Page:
The same goes for the green apples and the milk. The contrasting juxtaposition works both on the level of color, white versus green, and on the level of their effects on imaginary taste buds. But here too one realizes that the juice of the fruit is not all that far from the milk, and that the glass and the skin of the fruit have much in common. A metaphor suddenly emerges: a fruit skin is a vessel for the apple. Just as on the studio tabletop the grapes link with the bullets. How? The blood, of course.
The juxtaposition of disparate elements in some of the still lifes have a corollary in another juxtaposition – that of some of the paintings to old masterpieces of the past. Here once again the affinity is not simple or comfortable but rather challenging, mixing tastes. It interrupts with a mixture of hutzpah and respect the speech of the ancient painting. Taharlev's affinity with Balthus, De la Tour, Carpaccio and others resembles the taste of a green apple in milk. This is not our usual apple-and-honey. Put differently, this is a self-aware critical act that rewrites tradition from within, and not simply a naïve act of continuity.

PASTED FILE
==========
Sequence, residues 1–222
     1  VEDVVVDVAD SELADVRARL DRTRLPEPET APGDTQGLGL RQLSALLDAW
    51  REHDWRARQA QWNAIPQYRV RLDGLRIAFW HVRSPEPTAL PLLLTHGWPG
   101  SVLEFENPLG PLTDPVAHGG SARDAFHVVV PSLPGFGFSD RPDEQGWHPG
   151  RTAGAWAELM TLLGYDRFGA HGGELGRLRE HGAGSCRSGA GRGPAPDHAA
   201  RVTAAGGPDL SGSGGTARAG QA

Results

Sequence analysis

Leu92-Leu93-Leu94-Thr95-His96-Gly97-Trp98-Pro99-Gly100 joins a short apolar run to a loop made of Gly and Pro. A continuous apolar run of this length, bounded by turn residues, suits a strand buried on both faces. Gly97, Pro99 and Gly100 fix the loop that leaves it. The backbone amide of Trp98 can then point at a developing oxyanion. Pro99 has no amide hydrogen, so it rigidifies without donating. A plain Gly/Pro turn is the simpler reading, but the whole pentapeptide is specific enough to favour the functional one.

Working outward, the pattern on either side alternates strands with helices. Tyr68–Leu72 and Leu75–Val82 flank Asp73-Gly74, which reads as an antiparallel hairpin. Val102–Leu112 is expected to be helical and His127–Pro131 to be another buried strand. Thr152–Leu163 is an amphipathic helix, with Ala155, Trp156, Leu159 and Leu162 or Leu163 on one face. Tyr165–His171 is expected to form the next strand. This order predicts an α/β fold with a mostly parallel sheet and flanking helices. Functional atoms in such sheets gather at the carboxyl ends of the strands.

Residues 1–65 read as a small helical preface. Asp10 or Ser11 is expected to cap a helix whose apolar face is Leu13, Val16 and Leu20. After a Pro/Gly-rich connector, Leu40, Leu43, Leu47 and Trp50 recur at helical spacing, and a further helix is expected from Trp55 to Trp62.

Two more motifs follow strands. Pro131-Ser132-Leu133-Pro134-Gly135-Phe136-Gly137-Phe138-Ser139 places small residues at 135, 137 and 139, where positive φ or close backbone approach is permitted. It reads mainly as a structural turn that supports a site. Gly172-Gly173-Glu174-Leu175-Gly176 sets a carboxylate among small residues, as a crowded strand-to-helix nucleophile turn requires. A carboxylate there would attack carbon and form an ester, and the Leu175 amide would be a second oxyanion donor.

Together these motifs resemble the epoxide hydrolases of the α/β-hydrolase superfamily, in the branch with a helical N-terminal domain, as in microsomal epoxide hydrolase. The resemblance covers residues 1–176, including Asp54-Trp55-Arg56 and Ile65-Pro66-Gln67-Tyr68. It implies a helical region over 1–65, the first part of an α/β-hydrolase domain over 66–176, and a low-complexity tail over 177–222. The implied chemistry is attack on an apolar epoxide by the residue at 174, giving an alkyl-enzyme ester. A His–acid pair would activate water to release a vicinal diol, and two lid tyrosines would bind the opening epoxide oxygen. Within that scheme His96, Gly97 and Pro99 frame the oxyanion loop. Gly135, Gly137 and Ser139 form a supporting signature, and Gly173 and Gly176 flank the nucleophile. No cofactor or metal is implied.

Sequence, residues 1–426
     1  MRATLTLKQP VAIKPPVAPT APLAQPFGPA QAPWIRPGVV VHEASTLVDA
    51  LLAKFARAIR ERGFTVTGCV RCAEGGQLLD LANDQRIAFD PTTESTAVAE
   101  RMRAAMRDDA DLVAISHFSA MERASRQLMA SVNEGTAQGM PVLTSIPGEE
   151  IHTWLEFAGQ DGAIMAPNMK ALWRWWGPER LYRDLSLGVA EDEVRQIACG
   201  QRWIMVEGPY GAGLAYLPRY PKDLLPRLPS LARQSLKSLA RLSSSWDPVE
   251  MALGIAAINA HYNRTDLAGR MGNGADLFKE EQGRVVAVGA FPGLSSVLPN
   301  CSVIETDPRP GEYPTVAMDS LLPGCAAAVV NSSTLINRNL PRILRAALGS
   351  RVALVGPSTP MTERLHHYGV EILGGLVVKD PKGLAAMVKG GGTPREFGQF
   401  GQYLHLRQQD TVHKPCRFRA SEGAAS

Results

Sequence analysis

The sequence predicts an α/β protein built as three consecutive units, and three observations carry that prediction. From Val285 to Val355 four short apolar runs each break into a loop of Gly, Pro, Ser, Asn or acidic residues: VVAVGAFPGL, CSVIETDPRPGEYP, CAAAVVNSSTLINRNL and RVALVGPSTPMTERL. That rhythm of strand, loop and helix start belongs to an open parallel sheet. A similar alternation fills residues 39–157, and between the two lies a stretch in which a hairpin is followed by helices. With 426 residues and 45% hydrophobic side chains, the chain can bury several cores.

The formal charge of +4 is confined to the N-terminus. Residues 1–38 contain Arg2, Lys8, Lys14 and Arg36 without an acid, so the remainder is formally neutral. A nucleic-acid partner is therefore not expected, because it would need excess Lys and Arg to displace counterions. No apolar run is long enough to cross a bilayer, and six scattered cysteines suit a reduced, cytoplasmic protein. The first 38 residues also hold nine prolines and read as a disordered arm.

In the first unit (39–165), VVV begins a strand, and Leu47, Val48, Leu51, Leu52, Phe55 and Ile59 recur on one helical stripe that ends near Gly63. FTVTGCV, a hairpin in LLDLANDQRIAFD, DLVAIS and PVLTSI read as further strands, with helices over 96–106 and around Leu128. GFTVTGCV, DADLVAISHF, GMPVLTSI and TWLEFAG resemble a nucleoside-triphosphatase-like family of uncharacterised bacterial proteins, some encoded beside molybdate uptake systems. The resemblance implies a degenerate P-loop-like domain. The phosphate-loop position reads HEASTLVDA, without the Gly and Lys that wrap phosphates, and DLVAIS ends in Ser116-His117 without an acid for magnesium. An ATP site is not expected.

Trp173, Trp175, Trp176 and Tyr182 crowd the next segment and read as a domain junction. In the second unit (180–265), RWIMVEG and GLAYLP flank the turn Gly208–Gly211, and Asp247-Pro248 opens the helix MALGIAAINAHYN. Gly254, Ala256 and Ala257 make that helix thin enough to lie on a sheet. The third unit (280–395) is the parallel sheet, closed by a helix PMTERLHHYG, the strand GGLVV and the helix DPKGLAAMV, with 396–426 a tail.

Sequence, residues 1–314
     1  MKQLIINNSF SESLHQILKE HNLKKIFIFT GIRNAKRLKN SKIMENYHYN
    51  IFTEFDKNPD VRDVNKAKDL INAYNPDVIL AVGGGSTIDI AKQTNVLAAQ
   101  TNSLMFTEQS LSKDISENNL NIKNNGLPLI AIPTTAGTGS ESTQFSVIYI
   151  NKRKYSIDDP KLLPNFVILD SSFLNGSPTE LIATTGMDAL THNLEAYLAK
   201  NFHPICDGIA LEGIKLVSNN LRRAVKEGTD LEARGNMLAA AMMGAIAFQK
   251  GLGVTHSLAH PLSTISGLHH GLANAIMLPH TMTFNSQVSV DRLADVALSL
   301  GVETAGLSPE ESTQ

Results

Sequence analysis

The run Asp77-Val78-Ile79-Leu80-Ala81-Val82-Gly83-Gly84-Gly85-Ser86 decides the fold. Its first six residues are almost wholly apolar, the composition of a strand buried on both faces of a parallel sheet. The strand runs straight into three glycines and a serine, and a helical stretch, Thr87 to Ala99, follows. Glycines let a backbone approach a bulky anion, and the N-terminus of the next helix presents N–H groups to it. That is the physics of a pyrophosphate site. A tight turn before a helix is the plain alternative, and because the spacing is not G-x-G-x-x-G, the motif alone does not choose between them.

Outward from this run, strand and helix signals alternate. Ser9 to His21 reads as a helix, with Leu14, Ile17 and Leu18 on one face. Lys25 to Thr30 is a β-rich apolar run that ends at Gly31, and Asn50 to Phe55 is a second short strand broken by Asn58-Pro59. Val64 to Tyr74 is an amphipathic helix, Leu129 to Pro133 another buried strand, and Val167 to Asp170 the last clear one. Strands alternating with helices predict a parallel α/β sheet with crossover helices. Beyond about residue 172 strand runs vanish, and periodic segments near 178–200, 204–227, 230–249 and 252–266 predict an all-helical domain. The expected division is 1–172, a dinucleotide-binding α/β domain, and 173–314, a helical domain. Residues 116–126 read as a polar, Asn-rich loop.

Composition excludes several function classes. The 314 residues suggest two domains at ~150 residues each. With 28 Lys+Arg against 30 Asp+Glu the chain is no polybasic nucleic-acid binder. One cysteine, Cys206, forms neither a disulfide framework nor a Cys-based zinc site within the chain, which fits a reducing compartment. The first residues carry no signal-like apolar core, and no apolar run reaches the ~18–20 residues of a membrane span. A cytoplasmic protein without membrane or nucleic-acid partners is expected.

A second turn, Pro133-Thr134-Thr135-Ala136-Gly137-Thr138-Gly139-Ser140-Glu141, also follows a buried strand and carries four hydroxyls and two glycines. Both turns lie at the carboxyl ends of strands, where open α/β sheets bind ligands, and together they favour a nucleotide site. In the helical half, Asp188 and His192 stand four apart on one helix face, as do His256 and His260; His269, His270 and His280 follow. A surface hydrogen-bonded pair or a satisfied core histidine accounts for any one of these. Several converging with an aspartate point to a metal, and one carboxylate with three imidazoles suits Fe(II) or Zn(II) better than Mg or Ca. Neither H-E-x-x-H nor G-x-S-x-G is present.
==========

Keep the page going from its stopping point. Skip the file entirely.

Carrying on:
Vittore Carpaccio, The Dream of St. Ursula, 1495, Tempera on canvas, 267x273 cm., Galleria dell'Accademia, Venice
In Taharlev's Ursula's Dream a woman lays in a horizontal position, her gaze introspective and rather opaque. The connection suggested to the title of Vittore Carpaccio's painting, The Dream of St. Ursula (1495), is associative. In the Venetian painting a woman lays on her back, asleep. An angel enters the room. Taharlev has no angel, and no blanket to cover Ursula. All is revealed, pulled back, and the woman turns towards us without any eye contact. If there is an angel in the painting, Taharlev insinuates, it is you, the spectator. Most of us can't quite bask in our hinted angelic nature, we will find it difficult to fulfil the angel's role. Taharlev's Ursula does not make it easy on us. We intrude into the painting's dream space, into the painter's. Suddenly I see why she is not attentive to us: she knows we have no annunciation to make.